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Group 3: Swinging Chair


The goal of this project is to allow the parents to have a therapy chair/swing for their child at their house. The support system and safety of this chair/swing is the parents biggest concern. The chair will have to be mounted on a sturdy frame that can be moved along with straps to secure the child and removable support pieces for the child.

(Left to right) Anna Smith, Tyler Gardner, Nicholas Baker, James York

Problem Statement

The parents are working closely with their therapist to copy a therapeutic swing used to keep the child calm. This swing is a non-motorized swing mounted on the ceiling in the therapist office. They’ve asked our group to recreate this swing for their house, but to include a detachable chair that straps the child in, and is to be removed for parents to join the child on the swing. This swing/frame will need to be mobile so the parents can move and transport the swing as if it were another piece of furniture within the house.

Design Specifications

Parents wants:

  • Motorized with linear and circular motion
  • Ability to swap between motorized and manual movement

Parents needs:

  • Manual swinging chair
  • Harness and support to keep the child portioned upright
  • Frame that can fit comfortably within their house

Background Research

A platform swing, similar to what is shown, is the idea of what the family and therapist are wanting/recommending. Mostly because of the versatility. They are wanting the “blank” slat so that different support pieces can be added and removed depending on what the child needs at that time. These support pieces will range from a simple wedge/incline to something such as the full body support chair shown below.

Most of our research will be focused on the frame/support system for the swing.

Concept Design 1

One of the designs for the swings frame is a basic A-frame design as shown below. The first frame shown is rated to hold up to 440lbs. One downside to this design, is all of the weight of the swing will be at the weakest point, center of the horizontal bar, on the frame. This particular frame was designed to have 2 ropes holding the swing versus the one we will be using. Also, this will have a large footprint.

Concept Design 2

Another frame design that we looked at is the C-frame design shown below. These frames come in different sizes and weight ratings. An advantage of this frame design is the small footprint that it will have. One of the downsides is it might not be stable enough for the circular motion that the parents want to be able to swing the child.

Concept Design 3

The last frame design that we are looking at is a teepee style frame such as the ones shown below. The bent leg frames seem to hold less weight, but proved more room for the swing to move. The straight leg design is stronger, but it is also taller. Since this will be inside a house, we have to consider standard ceiling height. The teepee style does have a smaller footprint than the A-frame, but bigger than the C-frame design.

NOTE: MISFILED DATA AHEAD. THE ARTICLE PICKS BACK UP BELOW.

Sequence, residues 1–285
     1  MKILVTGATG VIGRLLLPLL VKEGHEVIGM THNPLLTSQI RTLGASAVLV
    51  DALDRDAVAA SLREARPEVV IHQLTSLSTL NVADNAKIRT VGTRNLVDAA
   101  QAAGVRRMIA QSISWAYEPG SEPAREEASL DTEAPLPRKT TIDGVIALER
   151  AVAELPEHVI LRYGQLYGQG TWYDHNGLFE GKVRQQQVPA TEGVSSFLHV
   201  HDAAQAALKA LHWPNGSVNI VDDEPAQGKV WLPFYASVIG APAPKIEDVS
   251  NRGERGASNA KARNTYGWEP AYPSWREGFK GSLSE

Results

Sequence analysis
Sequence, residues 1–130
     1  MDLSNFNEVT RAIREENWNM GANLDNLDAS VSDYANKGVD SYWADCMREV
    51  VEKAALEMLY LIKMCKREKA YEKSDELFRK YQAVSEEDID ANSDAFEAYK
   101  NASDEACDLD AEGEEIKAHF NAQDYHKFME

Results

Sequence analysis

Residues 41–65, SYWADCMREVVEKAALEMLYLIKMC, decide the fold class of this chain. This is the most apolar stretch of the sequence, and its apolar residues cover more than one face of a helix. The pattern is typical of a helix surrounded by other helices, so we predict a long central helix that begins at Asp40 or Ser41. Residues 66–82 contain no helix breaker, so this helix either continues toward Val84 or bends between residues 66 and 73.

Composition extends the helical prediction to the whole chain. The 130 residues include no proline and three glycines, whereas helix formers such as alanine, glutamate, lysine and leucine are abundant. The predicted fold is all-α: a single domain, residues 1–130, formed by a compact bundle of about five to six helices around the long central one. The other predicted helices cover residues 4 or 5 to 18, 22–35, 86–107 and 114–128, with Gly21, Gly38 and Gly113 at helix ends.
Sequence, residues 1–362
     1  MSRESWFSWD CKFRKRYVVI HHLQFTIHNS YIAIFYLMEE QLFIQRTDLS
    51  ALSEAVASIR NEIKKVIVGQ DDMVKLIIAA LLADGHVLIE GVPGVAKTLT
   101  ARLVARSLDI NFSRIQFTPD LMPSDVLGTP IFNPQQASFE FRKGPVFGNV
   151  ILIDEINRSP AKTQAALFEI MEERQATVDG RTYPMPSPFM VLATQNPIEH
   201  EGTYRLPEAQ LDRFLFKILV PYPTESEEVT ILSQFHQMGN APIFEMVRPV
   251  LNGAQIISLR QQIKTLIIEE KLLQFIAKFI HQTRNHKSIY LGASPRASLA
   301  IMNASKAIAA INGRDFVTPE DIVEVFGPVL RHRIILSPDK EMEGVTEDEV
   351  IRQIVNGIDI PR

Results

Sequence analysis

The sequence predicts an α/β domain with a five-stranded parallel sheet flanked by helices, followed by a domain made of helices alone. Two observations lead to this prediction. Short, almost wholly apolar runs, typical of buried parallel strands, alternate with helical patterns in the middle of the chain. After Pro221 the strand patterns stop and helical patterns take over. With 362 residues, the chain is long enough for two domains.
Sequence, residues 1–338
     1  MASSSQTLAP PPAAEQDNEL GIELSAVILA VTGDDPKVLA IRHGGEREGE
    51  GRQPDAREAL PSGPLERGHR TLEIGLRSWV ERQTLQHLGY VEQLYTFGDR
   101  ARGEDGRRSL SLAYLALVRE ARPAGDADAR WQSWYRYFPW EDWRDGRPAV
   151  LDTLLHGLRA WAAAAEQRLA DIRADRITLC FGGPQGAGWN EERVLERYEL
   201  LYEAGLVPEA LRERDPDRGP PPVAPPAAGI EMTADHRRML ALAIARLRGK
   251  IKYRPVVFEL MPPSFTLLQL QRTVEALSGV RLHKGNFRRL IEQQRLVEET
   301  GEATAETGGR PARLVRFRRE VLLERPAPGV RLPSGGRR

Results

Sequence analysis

Selected Concept Design

Design # Safety Strength Size Ease of Access Total
1 3 3 1 2 9
2 2 2 3 3 10
3 3 3 2 2 10

It’s a draw! However, we have decided on concept design 2 because of the appeal of the design and the compactness. Since this swing may end up in common areas in the house, we thought the design should be appealing.

Overview of Selected Design

The frame design that we have chosen is the c-frame design that has 2 support bars in the back. After considering all the possible designs, we think this would suite the families needs most. This design will give the family a lightweight, movable, and aesthetically pleasing frame for the child.

We would like to make the frames height adjustable and the long portions of the frame to disassemble so that the frame can be fitted and moved to different rooms throughout the house. To accomplish this, we will be using T-handle locking quick-release pins with lanyards to pin all the tubing together in combination with telescopic steel tubing.

We are considering making the frame out of 1.75″ and 2″, 0.105″ wall square steel tubing. The alternative is round 1″ and .75″ OD steel tubing with a wall thickness of 0.08″. The square tubing wall thickness is more desirable because of the frames height and weight ratings.

Since the swing will be made for linear and circular motions, a ball bearing swing hanger will be added at the top of the frame to mount the swing on. This should provide the family a long lasting and smooth ride of the swing no matter the direction.

We are also going to modify a platform swing to have heavy duty 3″ hook and loop fasteners to secure the inclines or chair supports for the child while it is attached to the swing. The idea behind this is to allow the parents to easily interchange the desired position for the child.

Engineering Analysis 1

For this analysis 2″ square tubing steel with 0.105″ wall thickness was stressed with a 400 lb force at the top of the 90″ tall frame. This single frame had a displacement of 2.978 cm. Since the final design will have 2 bars, less deflection should be expected.

Engineering Analysis 2

This analysis was done with the same size steel tubing as the previous analysis. The model used has 2 support bars with added braces. The stress analysis showed a 1.156 cm flex in the frame. Keep in mind that the model that was stressed is not a perfect replica of the actual frame design. The actual frame design will have a strong build to it.

Bill of Materials


2021 Fall